No reason for it
Ennui can usually be fixed by a good book, or a new lover, or some other excitement and purpose in life.
Depression is more like a coating of ice on your spine, immobilising and horrific, withering you from the inside.
I'm no mental health professional (well, not one that any credible institution has recognised anyway ) but in my mind there is some difference between natural Grief or Anxiety or Rejection that we all get from time to time and the ongoing suffering I sort of imagine when someone says "depression" (apparently the fancy-book word for it is Dysthymia. Good for them)
I feel like I've used this clip before, but I like it.
rugadd wrote: Does anyone here go through that?
So many times, I can't count them.
Currently I'm on major depression and anxiety medication. It helps tremendously, but not all the time. I have much to be thankful for. Content with my life. Yet every now and then I feel that desperation. As if something is missing. I've learned to curb it naturally with the help of a saying I read a long time ago:
The search is what anyone would undertake if he were not sunk in the everydaness of his own life. To become aware of the possibility of the search is to be onto something. Not to be onto something is to be in despair. —Walker Percy
I have to be onto something to stay happy. Not just doing something, but have an idea in my mind that drives me, something to look forward to, a purpose, a reason. Sometimes all it takes is a little inspiration, or just an interesting concept. Something to make me think, to make everything go from ordinary to extraordinary.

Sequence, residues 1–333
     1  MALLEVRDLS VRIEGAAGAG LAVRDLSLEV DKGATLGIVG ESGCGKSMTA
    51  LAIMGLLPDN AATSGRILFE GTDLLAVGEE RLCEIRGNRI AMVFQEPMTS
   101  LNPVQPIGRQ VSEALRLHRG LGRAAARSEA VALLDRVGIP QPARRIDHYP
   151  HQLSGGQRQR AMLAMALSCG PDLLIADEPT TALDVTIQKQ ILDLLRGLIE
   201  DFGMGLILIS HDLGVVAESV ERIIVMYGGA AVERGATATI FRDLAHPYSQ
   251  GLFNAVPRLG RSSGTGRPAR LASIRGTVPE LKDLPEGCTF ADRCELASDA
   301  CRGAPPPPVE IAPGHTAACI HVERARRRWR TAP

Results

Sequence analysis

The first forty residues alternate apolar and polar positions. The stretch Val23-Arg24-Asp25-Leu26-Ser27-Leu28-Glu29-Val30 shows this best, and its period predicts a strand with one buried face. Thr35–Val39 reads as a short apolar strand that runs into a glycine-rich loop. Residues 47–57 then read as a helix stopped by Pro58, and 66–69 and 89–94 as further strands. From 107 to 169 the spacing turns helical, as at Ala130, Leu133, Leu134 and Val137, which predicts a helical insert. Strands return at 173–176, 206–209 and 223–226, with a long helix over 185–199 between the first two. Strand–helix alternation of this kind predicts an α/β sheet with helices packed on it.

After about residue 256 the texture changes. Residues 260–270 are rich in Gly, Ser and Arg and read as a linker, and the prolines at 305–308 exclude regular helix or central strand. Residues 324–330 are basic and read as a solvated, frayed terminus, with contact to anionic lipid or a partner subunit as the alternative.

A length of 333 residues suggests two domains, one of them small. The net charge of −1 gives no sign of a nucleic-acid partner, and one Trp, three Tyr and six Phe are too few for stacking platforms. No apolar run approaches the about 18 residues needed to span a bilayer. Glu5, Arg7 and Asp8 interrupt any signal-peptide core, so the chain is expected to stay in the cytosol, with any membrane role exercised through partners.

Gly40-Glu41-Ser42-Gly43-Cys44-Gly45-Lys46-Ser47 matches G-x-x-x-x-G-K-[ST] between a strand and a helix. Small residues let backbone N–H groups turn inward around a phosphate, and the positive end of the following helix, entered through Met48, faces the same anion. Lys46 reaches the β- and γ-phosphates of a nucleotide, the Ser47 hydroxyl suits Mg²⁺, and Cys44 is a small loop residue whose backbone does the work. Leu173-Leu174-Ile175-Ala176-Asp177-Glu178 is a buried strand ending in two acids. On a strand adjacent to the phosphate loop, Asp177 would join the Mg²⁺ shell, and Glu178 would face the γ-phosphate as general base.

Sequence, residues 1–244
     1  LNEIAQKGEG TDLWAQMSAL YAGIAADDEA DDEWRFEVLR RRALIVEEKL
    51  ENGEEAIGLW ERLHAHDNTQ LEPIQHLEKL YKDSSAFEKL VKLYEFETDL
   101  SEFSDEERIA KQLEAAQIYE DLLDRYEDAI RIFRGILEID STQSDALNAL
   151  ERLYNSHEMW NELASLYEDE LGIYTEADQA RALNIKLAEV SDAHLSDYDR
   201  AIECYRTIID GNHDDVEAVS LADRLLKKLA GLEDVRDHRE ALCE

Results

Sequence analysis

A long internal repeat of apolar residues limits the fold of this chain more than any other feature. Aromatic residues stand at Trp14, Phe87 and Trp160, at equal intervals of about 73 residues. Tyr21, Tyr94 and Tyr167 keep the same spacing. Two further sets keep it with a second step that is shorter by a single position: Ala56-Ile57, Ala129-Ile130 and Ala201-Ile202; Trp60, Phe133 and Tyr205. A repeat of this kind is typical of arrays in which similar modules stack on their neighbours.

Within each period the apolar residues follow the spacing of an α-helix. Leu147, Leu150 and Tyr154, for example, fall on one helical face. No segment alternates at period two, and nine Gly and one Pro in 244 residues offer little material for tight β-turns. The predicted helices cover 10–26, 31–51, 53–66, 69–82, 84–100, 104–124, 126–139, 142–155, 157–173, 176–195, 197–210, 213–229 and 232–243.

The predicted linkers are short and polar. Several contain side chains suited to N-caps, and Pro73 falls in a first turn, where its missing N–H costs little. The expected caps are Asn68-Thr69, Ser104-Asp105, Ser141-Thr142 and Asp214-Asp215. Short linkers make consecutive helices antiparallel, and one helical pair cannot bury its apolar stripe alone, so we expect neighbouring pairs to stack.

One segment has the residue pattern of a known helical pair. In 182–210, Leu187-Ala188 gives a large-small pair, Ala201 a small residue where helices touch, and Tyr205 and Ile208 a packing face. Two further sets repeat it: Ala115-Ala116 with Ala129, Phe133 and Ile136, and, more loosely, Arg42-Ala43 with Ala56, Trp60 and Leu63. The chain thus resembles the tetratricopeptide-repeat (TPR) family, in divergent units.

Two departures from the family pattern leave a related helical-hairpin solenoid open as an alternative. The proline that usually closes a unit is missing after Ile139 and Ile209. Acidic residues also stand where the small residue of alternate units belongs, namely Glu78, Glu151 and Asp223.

This life that you can see is just a shallow layer. There is SO much more to it than just being happy and content, having everything you need. And if you can convince yourself of that, there is no more "everydayness". Every day suddenly becomes the One and Only day. Every day becomes ALL DAYS.
"The sage does little,
but leaves nothing undone."
Over several courses of self-research and reflection, I find that sometimes within our spiritual consciousness, we are going through a period of release. Sometimes, there is no necessary reason or explanation for it and we just have to roll with it. I'm not saying that this is the answer. I mean sometimes we won't have the answer for that moment in that moment, but taking some time later to reflect and meditate on it might provide some sort of clue to the answer.
Since every living thing is made up of energy, even you and me, we constantly pass through different types of energy we come across. People energy, animal energy, nature energy, food we consume created by the energy we put into the land to produce the food, and many other types of energy. We store some of that energy for our own use and in other cases, the energy simply passes through. The energy we hold onto can occasionally get stagnant or old and the way we sometimes release that is through crying. Crying, even when unintentional and unplanned, is a form of healing. The sadness that comes with crying also is healed in that moment of crying when you don't hold onto it. Even if you get so stressed out and feel like crying, allowing yourself to and letting yourself cry - and cry hard - can sometimes release that large amount of energy in a span of a couple moments and causing you to feel much more refreshed.
Crying is an act of physical and emotional detoxification.
When I have times I need to cry I let myself do it, and I usually make it come out hard. Sometimes it takes a second, but then the cry realizes it needed to be that hard in order to release whatever pain I was holding onto. A few moments later I am very refreshed, even though a little bit drained, and then I move on to do something happier in my life to replace that empty energetic gap with something more positive. Overtime I have more happier memories and energy than I do random sad ones, but I'm not completely without tears of course.
I found this link to be an interesting read and to go more in depth in what I was trying to explain from my own experiences.